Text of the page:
This judgment was delivered on 17th December 2003 by a two-judge bench consisting of Justice Doraiswamy Raju and Justice Arijit Pasayat. In the present petition, the State of Punjab has appealed against the accused, Ramdev Singh, before the Honourable Supreme Court of India through a special leave. This judgment thus deals with following act/sections:
1) Constitution of India- Article 136, Article 21
2) Indian Penal Code, 1860- Section 376
Brief facts and procedural history
The mother of the victim lodged information with the police that 17-18 days back the accused had committed rape on her daughter. According to the information lodged, the victim had told her mother after coming from the house of the accused that she was forcibly dragged away by the accused while she was cleaning utensils and was raped. At the time of occurrence wife of the accused was absent and taking advantage of her absence, the accused committed the lustful act. As the father of the victim was lying ill seriously they did not think it proper to inform him and when he recovered from illness, and the police had come to the village for investigating into some other case, information was lodged. The victim-girl was sent for medical examination. After completion of the investigation, charge sheet was placed and accused faced trial. He denied the accusations and pleaded false implication.
It was stated that the mother of the victim had taken some money as an advance for serving as a maidservant and as she did not work and refused to refund the money, a suit was filed for recovery of the amount and, therefore, with a view to avoiding payment false accusation has been made. The trial Court placed reliance on the evidence of the prosecution witnesses and convicted the accused of the offense punishable under Section 376 IPC and sentenced him to 7 years rigorous imprisonment and a fine of Rs.1,000/- with default stipulation. Being aggrieved by the judgment accused filed Criminal Appeal in the Punjab and Haryana High Court. By the impugned judgment dated 2.12.1994 the High Court allowed the appeal and set aside the conviction and consequently the sentence.
According to High Court primarily four factors render the prosecution version vulnerable. Firstly, there was an unexplained delay in lodging FIR. Secondly, the victim’s evidence did not inspire confidence as there were exaggerations, and a friend to whom she claimed to have told about the incidence was not examined. Thirdly, the medical evidence indicated that the victim was habituated to sexual intercourse and, therefore, her version that she was raped by the accused is not believable. Fourthly, there was no evidence to show that the victim was employed as a maidservant in the house of the accused. Aggrieved by this the state has approached the Supreme Court of India.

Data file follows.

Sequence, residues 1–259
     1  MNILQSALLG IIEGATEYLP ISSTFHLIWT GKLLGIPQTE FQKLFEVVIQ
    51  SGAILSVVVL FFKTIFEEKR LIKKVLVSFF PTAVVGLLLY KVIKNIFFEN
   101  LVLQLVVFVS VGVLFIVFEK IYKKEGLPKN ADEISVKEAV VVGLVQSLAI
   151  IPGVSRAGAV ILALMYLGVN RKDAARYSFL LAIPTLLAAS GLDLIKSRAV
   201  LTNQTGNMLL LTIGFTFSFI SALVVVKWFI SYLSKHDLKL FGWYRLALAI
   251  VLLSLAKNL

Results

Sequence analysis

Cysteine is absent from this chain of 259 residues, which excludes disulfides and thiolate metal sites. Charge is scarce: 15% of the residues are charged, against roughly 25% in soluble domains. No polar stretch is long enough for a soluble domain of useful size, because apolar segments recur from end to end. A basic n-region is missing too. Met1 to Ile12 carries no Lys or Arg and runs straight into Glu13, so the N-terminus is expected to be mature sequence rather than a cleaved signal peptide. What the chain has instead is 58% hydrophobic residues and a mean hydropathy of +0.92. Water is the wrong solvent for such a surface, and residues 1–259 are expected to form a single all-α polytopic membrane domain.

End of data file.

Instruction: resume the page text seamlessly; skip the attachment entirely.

Issue before the Court
Whether, on the basis of facts and circumstances, the High Court was correct in holding that the accused was not responsible for rape?
Ratio of the court (as authored by Justice Arijit Pasayat)
Delay in lodging the FIR cannot be used as a ritualistic formula for doubting the prosecution case. If the prosecution fails to satisfactorily explain the delay and there is the possibility of embellishment in prosecution version on account of such delay, the same would be fatal to the prosecution. However, if the delay is explained to the satisfaction of the Court, same cannot by itself be a ground for disbelieving and discarding the entire prosecution version, as done by the High Court in the present case. The evidence of mother and father read with that of the victim clearly explained as to why the first information report was lodged after 17-18 days.
Further, the victim’s evidence has been discarded by holding that it is at variance with the medical evidence. The High Court has not indicated as to in what way it is at variance with the medical evidence. A mere statement that according to the doctor, she could on earlier occasions have had sexual intercourse five, ten or fifteen times rules out rape by accused once as alleged in no way casts doubt on victim’s evidence.
Merely because the friend of the victim was not examined that also cannot be a suspicious circumstance to throw suspicion on the victim’s evidence. Even if it is hypothetically accepted that the victim had lost her virginity earlier, it did not and cannot in law give license to any person to rape her. It is the accused who was on trial and not the victim.
Finally, the High Court’s reasoning was erroneous about lack of evidence relating to the employment of the victim as a maid servant. The High Court completely overlooked the fact that the suggestions given to witnesses that the accused or his wife had threatened to put an end to the victim’s service as a maid servant because of her immoral character, or refusal to refund the amount taken as advance for her employment as a maid servant.
Sexual violence apart from being a dehumanizing act is an unlawful intrusion on the right of privacy and sanctity of a female. It is a serious blow to her supreme honor and offends her self-esteem and dignity. It degrades and humiliates the victim and where the victim is a helpless innocent child or a minor, it leaves behind a traumatic experience. It is a crime against basic human rights and is also violative of the victim’s most cherished of the Fundamental Rights, namely, the Right to Life contained in Article 21 of the Constitution of India, 1950. The Courts are, therefore, expected to deal with cases of sexual crime against women with utmost sensitivity. A socially sensitized judge is a better statutory armor in cases of crime against women than long clauses of penal provisions, containing complex exceptions and provisos.
The conviction as recorded by the trial Court and the sentence imposed by it are restored. The accused shall surrender forthwith to serve the remainder of the sentence if any. The appeal is allowed to the extent indicated.